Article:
Why did you choose to attend UK for pharmacy school?
There were several schools I considered during the application process based on their curriculum and focuses. The reason why UK was at the top of the list was because they had a curriculum that blended all aspects of pharmacy. For instance, they have courses that range from pharmaceutical science to therapeutics to emergency medicine. The course work and rotation sites are designed to expose you to a variety of settings and practices.
What benefits/opportunities do you feel you’ve gotten from attending UK that you maybe wouldn’t have had if you’d gone elsewhere?
During the summer after my first year, I had the opportunity to work in a unique lab that had combined patient interaction and bench-top science. After the summer, I collaborated with my mentor, Dr. David Feola, on my own project so that I would have a poster to present at the American Pharmacist Association annual meeting in Seattle, Washington. That type of research was very interesting because it was translational, meaning that the results could be directly applied to benefit patients who also take part in the study.
What is the best thing about being a UKCOP student?
One of my favorite things about the College is all of the resources available to students. For instance, if you think you would like to dabble in research, you could approach any of the faculty and they will find a lab that may be researching a subject of your interest. Or if you are interested in the clinical side of pharmacy, the college has many faculty members that work at the UK Chandler Hospital as full time clinicians. You could have the opportunity to shadow either the faculty members or their residents while they are rounding on patients, which is an unparalleled way to learn.
Did you work or volunteer in a pharmacy before enrolling at UKCOP or do you work now? If so, what type of setting?
After graduating from UK with my bachelor’s, I gained employment at a pharmaceutical company, which specialized in the manufacturing of sold dosage forms with unique coatings. My position with the company revolved around ensuring that the manufacturing process was in compliance with cGMP’s (current good manufacturing practices) and FDA regulations. Additionally, I hosted the FDA, DEA and other regulatory inspections of the facility.
Currently, I am an intern in the UK Healthcare intern program. The program is unique to the University’s hospital and offers a clinical component. For instance, one day every other week is spent with a clinical pharmacist. The rest of the time is spent preforming the daily activities of an inpatient pharmacy.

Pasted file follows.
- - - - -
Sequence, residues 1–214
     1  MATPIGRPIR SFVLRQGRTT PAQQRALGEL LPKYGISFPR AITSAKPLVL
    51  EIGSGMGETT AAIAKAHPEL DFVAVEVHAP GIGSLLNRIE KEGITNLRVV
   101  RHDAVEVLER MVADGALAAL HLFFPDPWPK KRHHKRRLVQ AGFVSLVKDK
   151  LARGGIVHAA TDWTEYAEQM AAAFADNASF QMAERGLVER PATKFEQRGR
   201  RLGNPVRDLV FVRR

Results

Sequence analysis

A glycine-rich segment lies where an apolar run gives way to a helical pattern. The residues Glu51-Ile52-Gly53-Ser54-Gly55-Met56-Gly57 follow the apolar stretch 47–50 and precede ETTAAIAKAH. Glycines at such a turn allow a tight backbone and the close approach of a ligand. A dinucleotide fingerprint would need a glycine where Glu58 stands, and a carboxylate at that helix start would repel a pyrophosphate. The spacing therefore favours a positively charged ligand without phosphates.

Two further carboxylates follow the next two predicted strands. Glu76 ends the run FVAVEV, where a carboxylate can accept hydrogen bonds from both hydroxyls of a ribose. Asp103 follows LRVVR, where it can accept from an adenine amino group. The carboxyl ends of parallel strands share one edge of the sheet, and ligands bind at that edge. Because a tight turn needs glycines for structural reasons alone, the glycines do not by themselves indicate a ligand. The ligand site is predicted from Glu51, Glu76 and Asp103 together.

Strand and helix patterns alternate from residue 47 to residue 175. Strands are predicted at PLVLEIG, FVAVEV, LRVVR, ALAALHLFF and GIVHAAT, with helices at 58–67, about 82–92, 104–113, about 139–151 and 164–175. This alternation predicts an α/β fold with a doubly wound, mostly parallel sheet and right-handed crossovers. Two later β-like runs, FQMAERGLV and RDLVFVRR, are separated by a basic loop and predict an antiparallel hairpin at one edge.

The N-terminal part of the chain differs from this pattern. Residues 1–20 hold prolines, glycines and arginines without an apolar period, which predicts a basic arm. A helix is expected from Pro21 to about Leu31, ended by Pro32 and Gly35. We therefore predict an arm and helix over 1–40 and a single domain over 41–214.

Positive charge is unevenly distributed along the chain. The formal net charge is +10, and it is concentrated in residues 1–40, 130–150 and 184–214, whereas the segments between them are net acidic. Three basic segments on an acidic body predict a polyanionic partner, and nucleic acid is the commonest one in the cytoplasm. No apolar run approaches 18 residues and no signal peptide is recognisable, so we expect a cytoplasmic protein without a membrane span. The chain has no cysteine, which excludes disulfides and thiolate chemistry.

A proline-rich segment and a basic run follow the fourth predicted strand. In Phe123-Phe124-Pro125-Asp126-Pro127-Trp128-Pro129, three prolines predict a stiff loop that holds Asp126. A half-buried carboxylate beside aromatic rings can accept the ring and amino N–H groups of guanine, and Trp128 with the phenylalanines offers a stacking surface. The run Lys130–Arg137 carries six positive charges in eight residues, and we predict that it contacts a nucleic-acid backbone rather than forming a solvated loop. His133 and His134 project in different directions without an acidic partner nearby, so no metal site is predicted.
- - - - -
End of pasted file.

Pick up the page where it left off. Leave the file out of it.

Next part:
Why did you decide to go back to school? What was the transition back into student life like?
I am considered a non-traditional student because I spent two years in the pharmaceutical industry before I decided to go to professional school. They say in life the best decisions are never the easiest. I always knew I wanted a higher degree than a bachelor’s and I knew I loved working with pharmaceuticals, so it was a natural progression for me to choose pharmacy school. The most difficult part of the transition was getting used to the loss of a steady income. I think the transition was easier because as my priorities changed I was prepared to make the necessary adjustments.
Kathleen’s Words of Wisdom
When looking at different programs, it is important to make sure the school offers a way to experience different facets of pharmacy. When you enter school, you may think that you already know what type of pharmacy career you will pursue, yet you may have only worked in one type of setting. This can easily change when you get to see all the areas where pharmacists can make a difference.
Are there any areas of pharmacy that you’ve learned about thus far in your career that you are interested in pursuing?There are several areas of pharmacy that I have interest in pursuing. For instance, I am an intern at the hospital and love the clinical side of pharmacy and the impact that pharmacists make when they round on an interdisciplinary team every day. I have interest in translational research and to see new therapeutic possibilities in the pipeline. Since I did work for 2 years in the industry, I still have interest there, but maybe more so in clinical trials and Research and Development.